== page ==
See, if you can get up to 100 followers.
Once you get that 100 followers, I can see you taking down governments.
At the moment, I'm just going to tell you, toddle off and rethink it.
All the best, Tybalt.
- MIEKELSON: - Critics, you know? I tell you what it is, it's just It's easy to criticise.
You know what I mean? It's just easier to go, "Oh, crime's up.
"You should do this.
You should do that.
In our opinion.
" Sometimes I feel like saying to them, "You don't know you're born.
" "If this was some Eastern European dictatorship "or some Central American country, "I could have you disappeared, no questions asked.
" You know? "Senor Miekelson, are the murder figures up?" "Aye.
They're up by one more, as well.
Bang!" Thank you very much.
Disappear him.
This is a democracy.
And that's a good thing.
- Hi, there.
- Hi, hi.
Yeah, look, I just wanted to say, I appreciate how difficult it must be to be a woman these days and I just wanted to thank you.
You were obviously the good cop, is what I was trying to say.
I just want to say, thanks very much.
Put it there.
What? What are you? Jack! HE LAUGHS TRIUMPHANTLY Ladies and gentlemen, the cuffs that bind me to this policewoman are nothing compared to Oh, here he comes! You thought you'd seen the back of me.
Annoying! That's what you are.
- Bloody annoying.
- I like what you've done there - Are these yours? - These are mine.
These are mine.
You're going to need to come out.
If he comes in, then Move, you.
Move.
Quite embarrassing, isn't it? Not a good image for police.
Oh, you could Jesus.
Watch your head.
This narky anarchist rattled the cops' chains once too often and has now discovered that rules are rules and nobody is above the law.
People tend to think that we rule the road but that's not the case.
- It's not the case at all.
- No.
There's this one lollipop woman.
Every time we drive by, she puts out a lollipop and she makes us stop.
We've got to adhere to the rules of the road.
So, when she comes out, we've got to stop.
SIREN WAILS, TYRES SCREECH - Come on! - Sake, man! - Ohh! Move.
- Come on! It's almost like you throw a uniform on someone and all of a sudden, they've got authority.
- It's ridiculous.
- Goes to their head.
Off the boat, on the beat, the elite cops use all their powers of observation to locate the grabber.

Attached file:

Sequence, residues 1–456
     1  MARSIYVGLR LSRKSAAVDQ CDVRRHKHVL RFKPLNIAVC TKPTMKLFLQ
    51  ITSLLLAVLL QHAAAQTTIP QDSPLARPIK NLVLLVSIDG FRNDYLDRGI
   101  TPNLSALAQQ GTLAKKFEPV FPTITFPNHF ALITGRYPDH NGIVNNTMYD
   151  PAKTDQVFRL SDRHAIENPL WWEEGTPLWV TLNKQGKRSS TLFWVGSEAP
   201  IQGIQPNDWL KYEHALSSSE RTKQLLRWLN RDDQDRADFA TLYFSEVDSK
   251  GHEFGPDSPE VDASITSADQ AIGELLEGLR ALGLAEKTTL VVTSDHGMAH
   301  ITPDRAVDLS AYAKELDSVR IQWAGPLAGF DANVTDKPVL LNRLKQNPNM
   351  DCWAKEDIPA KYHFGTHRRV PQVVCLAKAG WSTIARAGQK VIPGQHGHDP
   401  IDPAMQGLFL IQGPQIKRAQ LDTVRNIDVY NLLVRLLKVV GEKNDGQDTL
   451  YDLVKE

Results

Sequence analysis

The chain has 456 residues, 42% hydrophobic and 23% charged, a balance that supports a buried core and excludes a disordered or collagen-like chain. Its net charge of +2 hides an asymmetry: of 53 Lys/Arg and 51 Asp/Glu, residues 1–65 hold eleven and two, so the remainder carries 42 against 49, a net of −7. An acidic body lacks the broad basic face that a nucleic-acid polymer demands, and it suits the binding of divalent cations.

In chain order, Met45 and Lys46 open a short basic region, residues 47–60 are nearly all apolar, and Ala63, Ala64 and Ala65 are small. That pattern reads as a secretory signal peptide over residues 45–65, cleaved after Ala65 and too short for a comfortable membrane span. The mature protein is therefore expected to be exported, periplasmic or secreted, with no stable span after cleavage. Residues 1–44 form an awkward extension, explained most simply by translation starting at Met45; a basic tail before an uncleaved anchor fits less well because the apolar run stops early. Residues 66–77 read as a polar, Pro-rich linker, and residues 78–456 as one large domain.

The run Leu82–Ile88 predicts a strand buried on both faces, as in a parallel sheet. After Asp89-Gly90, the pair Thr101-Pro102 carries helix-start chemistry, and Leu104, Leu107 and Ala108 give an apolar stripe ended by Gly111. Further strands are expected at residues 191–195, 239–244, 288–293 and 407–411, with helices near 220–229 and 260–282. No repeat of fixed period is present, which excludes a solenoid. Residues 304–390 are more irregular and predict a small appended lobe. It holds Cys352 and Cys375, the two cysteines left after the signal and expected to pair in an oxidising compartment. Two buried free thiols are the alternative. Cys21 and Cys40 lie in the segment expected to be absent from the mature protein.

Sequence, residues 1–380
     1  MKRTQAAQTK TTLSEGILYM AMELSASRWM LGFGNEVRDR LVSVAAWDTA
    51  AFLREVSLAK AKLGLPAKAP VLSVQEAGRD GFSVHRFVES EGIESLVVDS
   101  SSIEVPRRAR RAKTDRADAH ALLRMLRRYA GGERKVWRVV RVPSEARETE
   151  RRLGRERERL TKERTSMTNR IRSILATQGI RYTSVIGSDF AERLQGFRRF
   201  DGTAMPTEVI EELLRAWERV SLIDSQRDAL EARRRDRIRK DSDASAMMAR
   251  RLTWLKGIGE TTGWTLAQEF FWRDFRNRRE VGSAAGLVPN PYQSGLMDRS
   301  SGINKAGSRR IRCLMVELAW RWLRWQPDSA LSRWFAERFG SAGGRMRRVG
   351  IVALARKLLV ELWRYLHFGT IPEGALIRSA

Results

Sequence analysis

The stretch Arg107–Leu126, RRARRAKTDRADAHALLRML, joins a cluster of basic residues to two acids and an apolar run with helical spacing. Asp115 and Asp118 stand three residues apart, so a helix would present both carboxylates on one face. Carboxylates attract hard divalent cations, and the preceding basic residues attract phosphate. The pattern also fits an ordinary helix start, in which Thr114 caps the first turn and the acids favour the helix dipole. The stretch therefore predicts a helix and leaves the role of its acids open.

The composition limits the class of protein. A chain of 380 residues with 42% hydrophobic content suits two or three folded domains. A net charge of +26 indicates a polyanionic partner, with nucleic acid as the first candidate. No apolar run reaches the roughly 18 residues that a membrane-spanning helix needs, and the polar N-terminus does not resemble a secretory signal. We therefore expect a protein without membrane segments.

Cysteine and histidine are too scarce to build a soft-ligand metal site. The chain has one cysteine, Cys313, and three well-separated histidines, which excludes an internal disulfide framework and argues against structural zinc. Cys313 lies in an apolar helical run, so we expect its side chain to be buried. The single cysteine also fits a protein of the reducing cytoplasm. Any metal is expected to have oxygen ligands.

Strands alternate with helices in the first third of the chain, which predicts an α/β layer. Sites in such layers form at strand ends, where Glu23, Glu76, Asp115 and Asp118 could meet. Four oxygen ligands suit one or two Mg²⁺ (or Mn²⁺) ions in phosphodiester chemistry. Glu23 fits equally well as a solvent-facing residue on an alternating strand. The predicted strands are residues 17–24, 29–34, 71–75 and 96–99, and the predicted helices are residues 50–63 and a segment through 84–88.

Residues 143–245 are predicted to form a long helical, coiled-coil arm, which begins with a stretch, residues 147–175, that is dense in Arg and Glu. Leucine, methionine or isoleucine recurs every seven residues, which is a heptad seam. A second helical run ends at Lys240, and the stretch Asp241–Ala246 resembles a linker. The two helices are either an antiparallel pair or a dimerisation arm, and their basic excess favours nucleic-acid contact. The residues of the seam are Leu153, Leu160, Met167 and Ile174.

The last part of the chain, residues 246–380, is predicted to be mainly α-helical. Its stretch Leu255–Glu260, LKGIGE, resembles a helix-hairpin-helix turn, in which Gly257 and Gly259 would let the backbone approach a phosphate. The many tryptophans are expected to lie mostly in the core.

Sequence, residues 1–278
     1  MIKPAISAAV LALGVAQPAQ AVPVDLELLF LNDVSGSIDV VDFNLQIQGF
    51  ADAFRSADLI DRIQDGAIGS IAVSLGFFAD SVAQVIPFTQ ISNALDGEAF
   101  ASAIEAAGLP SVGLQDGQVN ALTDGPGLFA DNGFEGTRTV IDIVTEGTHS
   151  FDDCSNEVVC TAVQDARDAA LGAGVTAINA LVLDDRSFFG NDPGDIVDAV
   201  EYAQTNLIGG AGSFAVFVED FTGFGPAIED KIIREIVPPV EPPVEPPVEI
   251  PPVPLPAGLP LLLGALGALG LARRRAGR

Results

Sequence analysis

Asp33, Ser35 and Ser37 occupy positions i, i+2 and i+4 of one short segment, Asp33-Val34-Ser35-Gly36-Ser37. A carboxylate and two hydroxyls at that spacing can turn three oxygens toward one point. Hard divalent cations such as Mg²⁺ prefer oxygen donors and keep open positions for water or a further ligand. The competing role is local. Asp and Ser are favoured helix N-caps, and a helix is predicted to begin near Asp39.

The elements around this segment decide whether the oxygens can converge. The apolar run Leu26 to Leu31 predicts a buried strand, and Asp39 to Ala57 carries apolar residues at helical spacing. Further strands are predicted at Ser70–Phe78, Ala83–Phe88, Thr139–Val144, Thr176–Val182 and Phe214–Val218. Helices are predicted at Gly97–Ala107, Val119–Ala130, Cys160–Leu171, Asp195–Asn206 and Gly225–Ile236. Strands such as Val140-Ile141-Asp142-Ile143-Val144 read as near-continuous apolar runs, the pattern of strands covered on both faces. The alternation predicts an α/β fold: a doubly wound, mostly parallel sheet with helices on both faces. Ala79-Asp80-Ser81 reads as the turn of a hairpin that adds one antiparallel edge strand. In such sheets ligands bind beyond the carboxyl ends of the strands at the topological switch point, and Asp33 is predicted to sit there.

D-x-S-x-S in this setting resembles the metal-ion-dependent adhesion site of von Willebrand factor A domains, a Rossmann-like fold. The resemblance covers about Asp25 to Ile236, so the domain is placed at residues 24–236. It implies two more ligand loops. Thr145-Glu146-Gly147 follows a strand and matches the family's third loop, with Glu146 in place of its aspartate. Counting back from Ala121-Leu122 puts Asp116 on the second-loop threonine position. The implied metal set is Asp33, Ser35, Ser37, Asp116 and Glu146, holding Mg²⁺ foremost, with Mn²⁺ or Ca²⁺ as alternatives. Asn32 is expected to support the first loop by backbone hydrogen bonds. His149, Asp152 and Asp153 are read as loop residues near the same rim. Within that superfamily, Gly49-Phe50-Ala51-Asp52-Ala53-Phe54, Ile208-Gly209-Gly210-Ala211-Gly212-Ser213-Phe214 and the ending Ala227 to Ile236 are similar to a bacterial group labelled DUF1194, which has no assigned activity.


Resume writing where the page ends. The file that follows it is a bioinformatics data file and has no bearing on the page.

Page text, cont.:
- Anything? - No, just a dead bird.
- Just a dead bird.
Hang on.
What have we got here? That could be something here.
That is definitely a grabby machine.
Here we go.
Jackpot.
That's the one.
- It's paid off there.
- I don't think any toys are missing.
- No, I thought it would be smashed in.
- Why do you think they took it? It could just be some sort of crazy dare.
You know, crazier things have happened? I've done dares myself.
- Oh, yeah? - I once rolled a full hay bale all the way from one side of town to the other.
That was for Children in Need, though.
I'm not sure this was.
The machine has been returned to its owner, so that's a bonus.
We were able to, I guess, grab the grabber but we haven't been able to grab the grabees.
But we'll keep searching.
If they strike again, we'll be there to counter it.
- Thanks.
- Cheers.
THEY LAUGH So, how does this compare to the last time you were here, eh? Probably more fun.
Well, it's different.
The ice cream wasn't in a cone last time.
No.
There is no such thing as victimless crime.
If there is a crime, there's a victim.
Some people go, "Oh, tax fraud.
"Who am I harming? I've just shovelled a wee bit away.
" You're harming everybody.
You're stealing from all of us.
Apart from the people who are not stealing tax.
You're not stealing from them.
They're not paying tax.
It's that old analogy - if a tree If no-one's there and a tree falls over in the forest does it make a sound, you know? If you're in Spain and your house is burgled, has the crime happened? Yes.
It happened because you're not there.
Neither is your stuff now and the place is a mess and someone's taking a dump in your kettle.
That's a crime.
That's three crimes right there.
So, sleep soundly, safe and sure that the sickening scum is being skimmed from society by the supervisory spatula that is the Scot Squad!